Monday, June 2, 2014

Letters from America, 1963 ~ Letter No. 3

In this year's A to Z Challenge, under the letter LI shared  a composite of the first two letters I sent home to my parents in Sweden after I moved to Princeton, N. J. in the winter of 1963.  My first job as a mother's helper in the U. S. did not work out and after getting everything straightened out with that family, I got a job in Princeton. The family had four kids under the age of five and they were a great family.

I had planned to share the letters earlier, but it became a bit difficult, looking back. Since so many enjoyed reading about my first impressions of this new country, and since some of my observations are pretty funny, I have decided to continue posting them. Except for a few items I removed, this letter is unedited.    

We'll see how it goes........

In the spring of 1963, I was 22 years old.

On Nassau Street, Princeton, N. J. 1964 ~ What's up with my hair?

Excerpts from my third letter from Princeton, N. J.

Princeton, March 3, 1963

The snow has almost melted, the sun shines from a deep blue sky, and spring is in the air. I'm happy, very happy. After a tough beginning in America, things are working out for me. With mostly deciduous trees, many of them flowering, cherries, magnolias, and so on, spring in Princeton will be gorgeous, I am told. Yesterday, Mrs. Smith gave birth to a son, named David. This is great, they can be playmates now, the four of them, and good friends for the rest of their lives. 

I went to another Thursday night party, those of us who work as mother's helpers have half Thursday and all day Sunday off, so it looks like they arrange parties so we can go. There are American girls there too. Americans are very, very nice to socialize with. They socialize a lot and it looks like they have to go out and meet people, have parties, and go to parties in order to get somewhere within their professions. And here in America, there's something called "dating," which seems to mean that one can go out with a different guy most nights of the week and it is not frowned upon. And if two young people like each other, they can "date" exclusively. Like looking around for a husband or just having a good time. Not sure yet what it means exactly. I am pretty sure though that teenage Americans are not as "advanced" as those in Sweden.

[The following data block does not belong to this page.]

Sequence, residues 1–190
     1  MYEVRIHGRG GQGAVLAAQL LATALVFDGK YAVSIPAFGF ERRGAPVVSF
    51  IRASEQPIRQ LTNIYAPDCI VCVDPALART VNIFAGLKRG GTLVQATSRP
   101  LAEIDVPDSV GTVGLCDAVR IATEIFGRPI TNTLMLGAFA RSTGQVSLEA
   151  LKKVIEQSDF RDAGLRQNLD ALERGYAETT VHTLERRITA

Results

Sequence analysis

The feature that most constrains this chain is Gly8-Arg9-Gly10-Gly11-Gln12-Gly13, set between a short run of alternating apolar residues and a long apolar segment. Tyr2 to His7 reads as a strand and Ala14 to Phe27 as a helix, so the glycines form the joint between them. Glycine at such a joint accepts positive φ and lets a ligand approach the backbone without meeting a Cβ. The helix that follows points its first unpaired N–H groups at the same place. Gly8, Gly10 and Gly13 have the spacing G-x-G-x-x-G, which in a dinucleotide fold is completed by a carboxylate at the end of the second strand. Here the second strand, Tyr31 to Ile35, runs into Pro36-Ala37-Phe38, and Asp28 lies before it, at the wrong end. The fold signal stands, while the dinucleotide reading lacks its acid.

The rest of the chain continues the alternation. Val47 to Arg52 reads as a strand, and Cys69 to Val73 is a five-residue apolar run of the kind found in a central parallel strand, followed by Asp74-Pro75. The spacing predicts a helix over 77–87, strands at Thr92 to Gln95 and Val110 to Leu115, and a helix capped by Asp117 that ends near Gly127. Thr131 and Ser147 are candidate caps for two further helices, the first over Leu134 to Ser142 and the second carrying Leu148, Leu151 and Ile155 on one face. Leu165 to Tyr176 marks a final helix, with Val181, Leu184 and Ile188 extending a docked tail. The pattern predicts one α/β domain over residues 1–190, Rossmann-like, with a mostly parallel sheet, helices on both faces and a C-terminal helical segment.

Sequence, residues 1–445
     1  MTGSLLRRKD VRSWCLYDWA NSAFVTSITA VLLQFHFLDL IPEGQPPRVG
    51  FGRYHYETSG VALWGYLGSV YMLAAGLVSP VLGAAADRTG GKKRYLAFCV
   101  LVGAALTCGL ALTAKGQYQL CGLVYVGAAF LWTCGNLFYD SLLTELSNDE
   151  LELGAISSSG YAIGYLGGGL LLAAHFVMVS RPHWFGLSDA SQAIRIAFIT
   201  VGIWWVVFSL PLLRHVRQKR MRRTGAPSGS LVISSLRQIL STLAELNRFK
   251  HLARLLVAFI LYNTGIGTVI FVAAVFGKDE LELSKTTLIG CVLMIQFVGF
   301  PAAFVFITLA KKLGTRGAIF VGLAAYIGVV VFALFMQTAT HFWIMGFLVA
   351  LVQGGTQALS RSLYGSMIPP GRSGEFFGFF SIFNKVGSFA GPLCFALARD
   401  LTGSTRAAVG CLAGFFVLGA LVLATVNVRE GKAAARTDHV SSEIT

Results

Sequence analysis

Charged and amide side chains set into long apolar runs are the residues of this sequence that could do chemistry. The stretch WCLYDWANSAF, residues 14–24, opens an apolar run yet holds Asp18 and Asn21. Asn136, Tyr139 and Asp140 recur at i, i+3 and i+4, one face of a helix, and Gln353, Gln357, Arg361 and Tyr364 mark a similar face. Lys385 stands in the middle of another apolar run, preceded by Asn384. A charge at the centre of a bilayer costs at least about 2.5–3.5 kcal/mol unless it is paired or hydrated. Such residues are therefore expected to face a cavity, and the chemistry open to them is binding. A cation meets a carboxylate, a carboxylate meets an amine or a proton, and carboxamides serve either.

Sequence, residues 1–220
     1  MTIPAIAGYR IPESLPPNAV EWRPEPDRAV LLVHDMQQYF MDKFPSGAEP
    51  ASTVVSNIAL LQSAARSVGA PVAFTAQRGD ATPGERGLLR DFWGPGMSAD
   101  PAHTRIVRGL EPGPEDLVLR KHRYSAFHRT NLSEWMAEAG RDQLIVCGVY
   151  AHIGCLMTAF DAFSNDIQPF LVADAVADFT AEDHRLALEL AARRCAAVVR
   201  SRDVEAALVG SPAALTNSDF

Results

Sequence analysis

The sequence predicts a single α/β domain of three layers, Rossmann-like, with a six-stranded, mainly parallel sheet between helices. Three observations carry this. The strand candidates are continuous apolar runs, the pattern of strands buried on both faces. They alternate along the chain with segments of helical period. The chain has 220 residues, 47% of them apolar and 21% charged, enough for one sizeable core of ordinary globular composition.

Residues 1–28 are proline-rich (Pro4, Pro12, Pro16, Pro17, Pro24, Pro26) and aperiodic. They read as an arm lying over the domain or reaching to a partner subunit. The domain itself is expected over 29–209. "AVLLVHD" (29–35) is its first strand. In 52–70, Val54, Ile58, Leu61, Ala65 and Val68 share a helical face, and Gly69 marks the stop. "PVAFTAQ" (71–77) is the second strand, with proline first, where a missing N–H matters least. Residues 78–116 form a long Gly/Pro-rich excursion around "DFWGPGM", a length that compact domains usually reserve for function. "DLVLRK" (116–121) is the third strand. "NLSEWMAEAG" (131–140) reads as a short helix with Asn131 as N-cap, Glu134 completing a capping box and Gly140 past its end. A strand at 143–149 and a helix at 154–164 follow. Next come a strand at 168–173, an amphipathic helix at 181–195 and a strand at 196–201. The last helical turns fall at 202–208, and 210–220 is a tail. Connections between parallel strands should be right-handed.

I met that Englishman again at the party. His name is Philip and he's really funny and very nice. He's coming to pick me up soon and we're driving to the Delaware River and Pennsylvania. It will be fun to see some of the surrounding areas of New Jersey, which is a very pretty state. 

New Hope, PA

Hugs to everyone, Inger


  1. you were so cute and innocent. :)

  2. in the spring of 63 i was about to run 19 and make one of the major mistakes i made in my life. had to laugh about the dating thing... not the America i knew... but i lived in the deep south and things were much different... i had hair like yours but not until about 69 i think

  3. That looks like a mini-beehive 'do' to me. Very trendy in that time. I love that you took many photos of your early time in America. I also took many when I came to Canada too, I loved British Columbia, it was so different than my home town.

    The innocence of 22 is charming. But look what you had done by that time.

  4. Dear Inger, reading this letter makes you so present to me as a young woman. I was in the convent in 1963 so life was quite different for me from yours and I never wrote a letter home that was so descriptive and thoughtful as yours.